Tennessee River Monsters Tactics for the Monsters


PICTURE:   May 7, 2014
Client David Evans, PA
70# Blue Catfish Tennessee River


Captain Scott Manning-US Coast Guard,
Outdoor Writer & Professional Fishing Guide
Website: www.tennesseestriperfishinguide.com

I have spent the past twenty years pursuing monster fish all on the Tennessee River and surrounding lakes. Each year; I catch, photo and release (CPR) monster catfish and stripers in excess of 50 pounds with many catfish over 80 pounds. Thus, I receive a steady stream of questions on my Facebook site and website concerning where and what tactics I use. In this segment I want to discuss the major variables on monster fish to include locating bait and fishing hot spots in East Tennessee.

First of all, to catch a monster fish three elements must be present. First is a constant supply of food (Bait fish) throughout the year particularly pre-spawn and post-spawn. It’s kind of elementary; but for a fish to reach enormous size it has to eat and eat often.The Tennessee River provides an excellent source of bait fish ranging from skip jack to gizzard shad. In addition, there are suckers and bream in vast numbers as well.

Below dams provide fresh cut bait from shad and other fish they get caught in the generators and are thus washed downstream. TVA steam plants provide warm water year around and warm water attracts tons of bait fish. Find the food; find the monster fish. When fishing for monster fish I prefer live bait over cut bait or lures. However, there are times early in the morning that top water lures work great on stripers. When catfish fishing I drift fish with live skip jack or gizzards and the head portion of a skip jack.

Second, you must fish places that don’t have a lot of fishing pressure. Fish have to reach a certain age to obtain monster status. Long stretches of waterways not accessible by bank fishing will hold vast amounts of monster fish. Areas that provide accessible bank fishing translates into more fishing pressure. smaller fish and less CPR. I prefer long remote stretches of river water or deep pockets near or around local dams. Please keep in mind safety first when around or near dams.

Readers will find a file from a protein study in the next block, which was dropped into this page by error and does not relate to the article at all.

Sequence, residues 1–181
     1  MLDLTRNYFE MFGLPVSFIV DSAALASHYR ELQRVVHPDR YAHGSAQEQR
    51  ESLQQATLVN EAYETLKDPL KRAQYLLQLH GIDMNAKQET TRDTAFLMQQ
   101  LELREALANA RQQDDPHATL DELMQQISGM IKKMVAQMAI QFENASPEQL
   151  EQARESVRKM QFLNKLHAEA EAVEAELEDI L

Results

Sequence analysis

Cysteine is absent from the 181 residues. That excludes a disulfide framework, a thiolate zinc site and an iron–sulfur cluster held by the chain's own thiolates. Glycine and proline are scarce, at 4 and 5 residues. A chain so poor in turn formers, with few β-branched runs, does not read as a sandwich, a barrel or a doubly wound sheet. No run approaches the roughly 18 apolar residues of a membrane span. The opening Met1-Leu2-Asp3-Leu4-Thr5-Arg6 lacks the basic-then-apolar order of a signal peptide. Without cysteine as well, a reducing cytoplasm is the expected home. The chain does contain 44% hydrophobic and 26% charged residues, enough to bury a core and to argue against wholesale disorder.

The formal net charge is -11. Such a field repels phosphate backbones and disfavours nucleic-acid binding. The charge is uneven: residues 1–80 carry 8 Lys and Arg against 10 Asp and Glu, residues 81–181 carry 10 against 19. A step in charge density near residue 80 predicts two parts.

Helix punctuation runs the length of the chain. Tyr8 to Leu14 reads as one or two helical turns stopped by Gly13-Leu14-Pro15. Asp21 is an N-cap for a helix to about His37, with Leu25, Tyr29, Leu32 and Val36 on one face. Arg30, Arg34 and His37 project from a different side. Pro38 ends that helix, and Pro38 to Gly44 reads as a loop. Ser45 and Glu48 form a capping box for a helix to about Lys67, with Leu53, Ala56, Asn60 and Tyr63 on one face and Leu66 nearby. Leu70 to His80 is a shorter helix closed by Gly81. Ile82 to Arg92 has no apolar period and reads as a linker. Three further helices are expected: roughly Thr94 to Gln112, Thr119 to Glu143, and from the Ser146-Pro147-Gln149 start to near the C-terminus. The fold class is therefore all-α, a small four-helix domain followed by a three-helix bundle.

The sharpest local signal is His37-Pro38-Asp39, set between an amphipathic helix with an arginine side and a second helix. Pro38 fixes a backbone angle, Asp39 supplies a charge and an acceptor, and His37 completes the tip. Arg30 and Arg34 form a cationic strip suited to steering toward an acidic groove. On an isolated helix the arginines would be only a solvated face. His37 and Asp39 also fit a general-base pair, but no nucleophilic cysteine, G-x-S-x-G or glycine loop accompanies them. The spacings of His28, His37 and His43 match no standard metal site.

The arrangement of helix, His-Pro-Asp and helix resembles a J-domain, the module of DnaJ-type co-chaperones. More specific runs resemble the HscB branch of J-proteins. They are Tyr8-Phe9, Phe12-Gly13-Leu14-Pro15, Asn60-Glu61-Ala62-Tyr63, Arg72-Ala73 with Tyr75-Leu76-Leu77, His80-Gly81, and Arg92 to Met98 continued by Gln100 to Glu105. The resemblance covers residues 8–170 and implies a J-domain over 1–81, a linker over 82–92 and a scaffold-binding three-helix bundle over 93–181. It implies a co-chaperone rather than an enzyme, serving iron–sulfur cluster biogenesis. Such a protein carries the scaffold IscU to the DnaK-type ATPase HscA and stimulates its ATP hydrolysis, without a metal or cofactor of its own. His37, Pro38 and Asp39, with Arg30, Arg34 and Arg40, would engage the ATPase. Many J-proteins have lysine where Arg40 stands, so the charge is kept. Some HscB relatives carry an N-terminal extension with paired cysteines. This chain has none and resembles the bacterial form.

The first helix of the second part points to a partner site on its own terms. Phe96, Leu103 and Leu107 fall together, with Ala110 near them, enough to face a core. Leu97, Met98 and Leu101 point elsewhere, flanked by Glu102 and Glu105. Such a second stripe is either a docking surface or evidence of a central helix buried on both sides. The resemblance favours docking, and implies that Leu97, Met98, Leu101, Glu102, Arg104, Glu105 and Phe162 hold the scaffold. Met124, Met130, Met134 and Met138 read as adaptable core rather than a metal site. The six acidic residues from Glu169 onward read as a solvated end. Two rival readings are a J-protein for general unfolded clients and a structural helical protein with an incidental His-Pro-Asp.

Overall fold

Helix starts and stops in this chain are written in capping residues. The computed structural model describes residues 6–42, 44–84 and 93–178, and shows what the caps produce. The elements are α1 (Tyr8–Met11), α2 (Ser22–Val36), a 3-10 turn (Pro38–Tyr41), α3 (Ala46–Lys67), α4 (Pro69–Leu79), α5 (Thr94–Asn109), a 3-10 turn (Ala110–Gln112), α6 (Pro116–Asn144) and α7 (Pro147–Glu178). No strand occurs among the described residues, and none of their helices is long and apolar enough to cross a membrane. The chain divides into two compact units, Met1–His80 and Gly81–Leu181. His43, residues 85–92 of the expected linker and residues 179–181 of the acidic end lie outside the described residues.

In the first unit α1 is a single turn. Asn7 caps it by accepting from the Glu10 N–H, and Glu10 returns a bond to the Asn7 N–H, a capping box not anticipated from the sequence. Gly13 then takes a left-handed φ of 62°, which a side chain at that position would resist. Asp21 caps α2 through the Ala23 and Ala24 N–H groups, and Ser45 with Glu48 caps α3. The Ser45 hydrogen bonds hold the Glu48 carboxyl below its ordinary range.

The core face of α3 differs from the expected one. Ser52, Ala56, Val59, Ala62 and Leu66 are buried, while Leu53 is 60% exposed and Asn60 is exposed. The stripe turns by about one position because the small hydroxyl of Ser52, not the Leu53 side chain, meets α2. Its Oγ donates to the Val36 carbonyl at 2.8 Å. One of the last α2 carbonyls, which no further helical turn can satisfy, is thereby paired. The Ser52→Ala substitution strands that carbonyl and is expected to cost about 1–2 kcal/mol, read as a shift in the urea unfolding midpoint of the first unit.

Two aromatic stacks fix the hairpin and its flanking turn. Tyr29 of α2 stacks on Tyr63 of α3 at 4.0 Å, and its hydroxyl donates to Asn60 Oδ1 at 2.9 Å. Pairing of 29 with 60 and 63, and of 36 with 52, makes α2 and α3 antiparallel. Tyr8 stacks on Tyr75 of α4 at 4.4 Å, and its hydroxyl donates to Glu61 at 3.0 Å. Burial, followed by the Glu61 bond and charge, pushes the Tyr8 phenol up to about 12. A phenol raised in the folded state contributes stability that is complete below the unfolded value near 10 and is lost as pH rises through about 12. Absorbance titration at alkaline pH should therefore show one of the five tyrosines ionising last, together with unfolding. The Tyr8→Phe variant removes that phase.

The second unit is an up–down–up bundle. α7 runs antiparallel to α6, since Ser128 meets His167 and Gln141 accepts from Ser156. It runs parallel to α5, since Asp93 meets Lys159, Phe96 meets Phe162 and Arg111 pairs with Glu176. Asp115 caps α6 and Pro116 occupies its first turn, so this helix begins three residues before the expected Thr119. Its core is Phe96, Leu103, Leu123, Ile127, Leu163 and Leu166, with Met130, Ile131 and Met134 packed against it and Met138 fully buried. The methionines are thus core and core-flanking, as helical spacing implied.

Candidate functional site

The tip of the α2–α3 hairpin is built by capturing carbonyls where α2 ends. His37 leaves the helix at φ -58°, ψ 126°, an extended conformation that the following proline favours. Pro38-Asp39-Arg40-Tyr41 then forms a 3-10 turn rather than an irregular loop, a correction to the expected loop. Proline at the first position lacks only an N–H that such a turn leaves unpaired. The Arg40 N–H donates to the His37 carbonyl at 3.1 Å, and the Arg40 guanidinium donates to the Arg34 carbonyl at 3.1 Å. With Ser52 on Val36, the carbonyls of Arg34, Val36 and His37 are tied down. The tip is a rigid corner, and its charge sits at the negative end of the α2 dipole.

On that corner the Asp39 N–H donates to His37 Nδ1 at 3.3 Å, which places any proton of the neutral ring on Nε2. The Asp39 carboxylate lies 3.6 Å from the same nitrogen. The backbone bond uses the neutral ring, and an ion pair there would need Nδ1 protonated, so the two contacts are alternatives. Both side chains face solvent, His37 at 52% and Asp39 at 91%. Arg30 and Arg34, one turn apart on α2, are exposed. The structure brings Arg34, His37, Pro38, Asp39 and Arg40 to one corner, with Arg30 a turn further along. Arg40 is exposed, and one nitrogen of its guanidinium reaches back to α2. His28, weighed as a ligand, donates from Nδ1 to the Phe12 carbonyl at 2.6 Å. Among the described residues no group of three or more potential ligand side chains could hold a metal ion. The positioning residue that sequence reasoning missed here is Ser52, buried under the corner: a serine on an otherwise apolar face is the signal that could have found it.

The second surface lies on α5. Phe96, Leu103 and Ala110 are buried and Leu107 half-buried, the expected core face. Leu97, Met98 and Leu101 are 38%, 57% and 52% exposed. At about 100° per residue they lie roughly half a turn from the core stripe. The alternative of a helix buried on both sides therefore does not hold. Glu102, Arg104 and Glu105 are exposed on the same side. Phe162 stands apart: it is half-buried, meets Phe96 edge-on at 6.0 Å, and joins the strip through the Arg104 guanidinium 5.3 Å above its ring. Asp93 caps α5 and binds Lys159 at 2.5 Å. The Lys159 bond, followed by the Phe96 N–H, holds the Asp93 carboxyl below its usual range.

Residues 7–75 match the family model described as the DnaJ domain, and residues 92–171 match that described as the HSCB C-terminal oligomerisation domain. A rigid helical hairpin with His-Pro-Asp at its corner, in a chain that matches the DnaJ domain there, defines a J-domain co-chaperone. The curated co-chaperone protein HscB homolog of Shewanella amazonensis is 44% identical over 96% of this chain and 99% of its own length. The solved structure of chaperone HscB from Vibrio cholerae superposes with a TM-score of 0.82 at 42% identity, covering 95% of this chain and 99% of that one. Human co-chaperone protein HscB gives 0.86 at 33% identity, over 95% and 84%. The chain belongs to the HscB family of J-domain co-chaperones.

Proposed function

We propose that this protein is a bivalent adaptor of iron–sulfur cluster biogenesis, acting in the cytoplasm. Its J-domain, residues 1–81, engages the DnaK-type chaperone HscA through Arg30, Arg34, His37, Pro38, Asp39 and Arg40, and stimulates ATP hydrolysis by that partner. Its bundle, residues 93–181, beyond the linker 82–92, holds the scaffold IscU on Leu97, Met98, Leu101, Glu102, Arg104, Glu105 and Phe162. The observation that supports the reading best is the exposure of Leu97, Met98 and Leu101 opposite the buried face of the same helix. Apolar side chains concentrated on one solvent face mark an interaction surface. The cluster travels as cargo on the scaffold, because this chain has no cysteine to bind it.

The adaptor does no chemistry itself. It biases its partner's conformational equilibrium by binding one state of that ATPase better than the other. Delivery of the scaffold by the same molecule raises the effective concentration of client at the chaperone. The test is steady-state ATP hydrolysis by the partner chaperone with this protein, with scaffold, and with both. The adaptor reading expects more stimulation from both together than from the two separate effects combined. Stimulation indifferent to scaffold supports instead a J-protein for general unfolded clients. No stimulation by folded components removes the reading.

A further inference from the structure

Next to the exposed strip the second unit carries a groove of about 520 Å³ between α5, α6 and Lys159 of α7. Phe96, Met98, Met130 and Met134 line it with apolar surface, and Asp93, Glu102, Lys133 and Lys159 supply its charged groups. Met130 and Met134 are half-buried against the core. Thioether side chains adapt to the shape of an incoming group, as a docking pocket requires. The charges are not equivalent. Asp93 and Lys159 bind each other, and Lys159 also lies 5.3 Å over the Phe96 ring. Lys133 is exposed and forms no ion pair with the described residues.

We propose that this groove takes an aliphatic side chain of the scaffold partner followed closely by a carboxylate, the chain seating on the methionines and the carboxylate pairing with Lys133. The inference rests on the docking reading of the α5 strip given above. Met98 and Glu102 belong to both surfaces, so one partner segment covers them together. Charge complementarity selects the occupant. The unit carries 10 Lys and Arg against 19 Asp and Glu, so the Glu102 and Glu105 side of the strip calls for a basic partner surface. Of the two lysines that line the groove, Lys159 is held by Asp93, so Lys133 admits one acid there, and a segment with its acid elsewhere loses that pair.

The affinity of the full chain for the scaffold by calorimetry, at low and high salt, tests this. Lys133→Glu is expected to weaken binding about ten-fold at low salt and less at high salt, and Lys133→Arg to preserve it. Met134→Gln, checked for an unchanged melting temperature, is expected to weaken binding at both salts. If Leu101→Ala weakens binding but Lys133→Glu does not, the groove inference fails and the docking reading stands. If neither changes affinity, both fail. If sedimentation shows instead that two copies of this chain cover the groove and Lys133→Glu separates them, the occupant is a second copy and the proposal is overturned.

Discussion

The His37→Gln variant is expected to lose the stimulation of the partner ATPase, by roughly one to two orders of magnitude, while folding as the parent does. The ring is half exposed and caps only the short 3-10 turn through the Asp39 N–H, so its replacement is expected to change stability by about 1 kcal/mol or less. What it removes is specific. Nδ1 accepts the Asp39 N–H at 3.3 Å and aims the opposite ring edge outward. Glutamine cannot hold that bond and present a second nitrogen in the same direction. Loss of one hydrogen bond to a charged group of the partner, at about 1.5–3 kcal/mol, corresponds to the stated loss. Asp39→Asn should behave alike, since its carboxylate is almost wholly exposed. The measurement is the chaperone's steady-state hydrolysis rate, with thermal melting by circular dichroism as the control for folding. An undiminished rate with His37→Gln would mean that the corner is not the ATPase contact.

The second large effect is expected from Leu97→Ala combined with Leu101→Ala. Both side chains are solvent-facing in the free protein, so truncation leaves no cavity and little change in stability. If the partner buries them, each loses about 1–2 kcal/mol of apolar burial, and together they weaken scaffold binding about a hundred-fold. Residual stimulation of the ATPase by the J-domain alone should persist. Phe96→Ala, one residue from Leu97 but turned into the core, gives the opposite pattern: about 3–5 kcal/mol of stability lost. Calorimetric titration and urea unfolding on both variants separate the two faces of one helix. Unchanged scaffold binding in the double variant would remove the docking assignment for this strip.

Third, you must fish places that actually hold numbers of monster fish. For example the Clinch River holds tons of Channel Catfish; but they only will reach around 5 to 10 pounds. The water it too cold to hold monster fish such as Blue and Flathead Catfish. Furthermore, the cold water decreases the need to eat as much. If your looking for a monster catfish then find warm water lakes and river basins.

The Tennessee River has received national attention as one of the top catfish and striper spots in the US. In addition, you must put your time in on the water. Pick peak times before and after fronts to target monster fish. Barometric pressure plays a big factor in fish activity as well.

When chasing monster fish you must trust your tackle and gear to handle a heavy load. I always use circle hooks in either 8/0 or 9/0 Team Catfish Double Action Hooks for both stripers and catfish. A sharp hook is a must. My rods are a 8 foot Heavy-Action Team Catfish, which are specially designed for big fish. I always use mono fishing line and use clear Off-Shore Angler 30# for stripers and 40# Berkely Big Cat mono for catfish. Please remember to always re-tie after hooking a monster fish or becoming snagged on the bottom. A weak line will always result in a lost fish.

I use Penn Fathom LW25 and Shimano Calcutta 700b reels. My rig of preference is the Carolina rig with a 2 or 3 ounce no-roll sinker with a sinker bead and Spro barrel swivel. I use a 80# mono clear leader and try to stay around 18 to 24 inches. I will sometimes use a wire 24″ leader specially designed by a sponsor when in or around rocky ledges or tight cover.

Hopefully; I have shared a little insight on where and how to catch monster fish in East Tennessee. Feel free to contact us on Facebook at ” Tennessee River Monsters “ if you have any questions or call us to book a trip of a lifetime. (865) 680-7672







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